Cover Story

In Loco Parentis

A triple murder. A suicide. A 2-month-old orphan. A mentally ill mother caused the tragedy, but it took a state bureaucracy to turn tragedy into travesty. The case in Connecticut now has implications for every parent: Can you really determine who will rear your children should you die?

Issue: "Bureaucratic burial," June 29, 2002

For Chad and Sara Prigge, the evening of Wednesday, June 9, 1999, started like any other. They tucked their children, 4-year-old Caleb and infant Rachel, into bed. Sara cleaned up from dinner. Chad, the assistant pastor at Truth Baptist Church just outside Hartford, Conn., had some studying to do before switching off the lights in their little green house in a quiet cul-de-sac.

About 1 a.m., the quiet was broken. Awakened by screams of "Help me! Help me!" the Prigges hurried to the front door. They saw a figure running toward them with what seemed to be a lantern or a torch. But it turned out to be neither. Instead, 9-year-old Jessica Silk, a neighbor across the cul-de-sac, was stumbling into the Prigges' front yard with her hair and pajamas ablaze.

The first few, sickening moments, everything was a blur. Sara screamed at Jessica to drop and roll on the front lawn while Chad dialed 911. Together they brought Jessica into their living room and tried to keep her calm until the paramedics arrived. Across the street, the Silks' two-story white colonial was on fire. Chad knew there were three other children inside, children he and his wife had often babysat or taken to church. But the sight of Jessica's frightening injuries compelled him to stay by her side.

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The little girl lay on the floor, muttering incoherently. The fire was out now, but her arms kept bleeding and bleeding, staining the floor between the floral-print sofa and the upright piano. There was a smell of burning flesh, but something else, too. Was it gasoline? What was she saying about her mother's nightmare? And why did her arms keep bleeding like that?

Awakened by the commotion, Caleb Prigge shuffled around the corner and saw his older playmate, charred and bleeding, lying on the floor. Sara hustled him off to bed. Worried for his own young children, Chad locked the windows and waited for help to arrive.

When the fire trucks screamed to a stop outside, Sara rushed to tell rescuers exactly where each bedroom was located in the burning house. There's a baby in there, she told the firefighters as she mapped out the quickest route to the nursery.

Moments later a firefighter returned, carrying a blackened little bundle in his arms. "I got him!" he yelled. The fireman laid the little victim on the Prigges' front lawn, well away from the smoke and confusion next door. "Joshua was as black as a piece of coal when they pulled him out," Mr. Prigge recalls. "We didn't think he was going to make it."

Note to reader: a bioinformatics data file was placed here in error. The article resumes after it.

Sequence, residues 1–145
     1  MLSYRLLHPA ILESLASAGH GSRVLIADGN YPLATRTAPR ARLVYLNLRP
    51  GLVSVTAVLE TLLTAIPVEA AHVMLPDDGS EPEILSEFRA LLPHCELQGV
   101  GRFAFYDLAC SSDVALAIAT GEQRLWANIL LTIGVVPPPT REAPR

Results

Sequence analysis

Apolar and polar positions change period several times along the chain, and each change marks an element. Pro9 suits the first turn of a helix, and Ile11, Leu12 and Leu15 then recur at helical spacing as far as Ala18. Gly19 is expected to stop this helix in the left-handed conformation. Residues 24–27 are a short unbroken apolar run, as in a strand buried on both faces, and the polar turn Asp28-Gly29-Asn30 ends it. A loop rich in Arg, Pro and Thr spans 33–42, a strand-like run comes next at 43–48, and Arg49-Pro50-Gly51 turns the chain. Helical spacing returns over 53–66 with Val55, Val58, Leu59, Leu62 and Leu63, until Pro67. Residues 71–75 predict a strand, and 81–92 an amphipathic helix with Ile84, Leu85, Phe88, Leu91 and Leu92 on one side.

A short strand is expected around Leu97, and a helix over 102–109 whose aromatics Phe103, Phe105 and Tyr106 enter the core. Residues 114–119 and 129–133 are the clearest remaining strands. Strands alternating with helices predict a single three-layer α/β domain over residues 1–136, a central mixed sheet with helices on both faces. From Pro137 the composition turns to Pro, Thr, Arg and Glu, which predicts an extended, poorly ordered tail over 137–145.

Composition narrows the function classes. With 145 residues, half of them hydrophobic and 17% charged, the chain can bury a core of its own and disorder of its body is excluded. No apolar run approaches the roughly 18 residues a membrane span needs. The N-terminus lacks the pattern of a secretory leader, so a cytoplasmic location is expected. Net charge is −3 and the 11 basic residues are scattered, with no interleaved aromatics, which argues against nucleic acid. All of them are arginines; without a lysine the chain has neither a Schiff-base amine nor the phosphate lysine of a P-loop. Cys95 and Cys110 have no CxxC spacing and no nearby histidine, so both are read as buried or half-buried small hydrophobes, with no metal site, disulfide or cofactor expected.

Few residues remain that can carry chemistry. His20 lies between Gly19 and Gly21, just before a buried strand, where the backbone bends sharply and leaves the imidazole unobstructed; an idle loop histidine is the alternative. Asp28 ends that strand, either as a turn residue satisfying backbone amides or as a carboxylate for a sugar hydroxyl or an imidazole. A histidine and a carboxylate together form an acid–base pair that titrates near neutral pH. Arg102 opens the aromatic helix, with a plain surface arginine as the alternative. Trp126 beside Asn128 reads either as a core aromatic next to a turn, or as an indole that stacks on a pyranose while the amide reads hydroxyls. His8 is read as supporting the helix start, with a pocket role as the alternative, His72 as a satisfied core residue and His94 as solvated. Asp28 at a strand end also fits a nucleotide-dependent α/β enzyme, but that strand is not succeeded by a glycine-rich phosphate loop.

Amazingly, 2-month-old Joshua did make it, but he was the last family member who would leave the house alive that night. Inside, rescuers found the bodies of his mother and father, Charlie and Kelly Silk, plus a sister, Jennifer, nearly 3 years old, and a brother, Jonah, just a year and a half.

The two children had died of asphyxiation as the fire sucked oxygen from the air and filled their rooms with thick smoke. But what about the parents? Why hadn't they intervened? Slowly, Jessica's mutterings started to make a grisly kind of sense. The 9-year-old had awakened to sounds of a scuffle. Wandering into her parents' room, she saw her mother stabbing her father to death. Catching sight of the witness, Kelly Silk turned the knife on her daughter, stabbing her more than 60 times. As Jessica continued struggling to escape, her mother poured gasoline on both of them and lit a match.

For Mrs. Silk, it was a violent ending to a troubled life. Suffering from bipolar disorder and on heavy medication, she had already attempted suicide. Her marriage to Charlie Silk, her second husband, brought her into a church where she reportedly made many friends and found some stability. But three pregnancies in as many years sent her on a downward spiral. Instead of bringing joy, the birth of Joshua plunged her into a postpartum depression from which she never recovered.

Her husband may have feared the worst. In August of 1998, he approached the Prigges to ask if they would serve as the children's guardians if anything ever happened to the elder Silks. After praying about it for several days, Mr. Prigge says he agreed to be named guardian-then promptly put it out of his mind. Other couples in the church had also asked the Prigges to care for their children after their death, but, really, what were the chances?

The chances, as it turned out, were nil. Although valid wills were found two days after the tragedy, it took less than two weeks for the Connecticut Department of Children and Families (DCF) to place Joshua with a young couple who had never even seen the child before the night of the fire. (Jessica went to live with her biological father in Minnesota, who was located shortly after the blaze.) The Prigges, shocked that their friends' final wishes could be so easily ignored by the DCF bureaucrats, sued for custody of Joshua.

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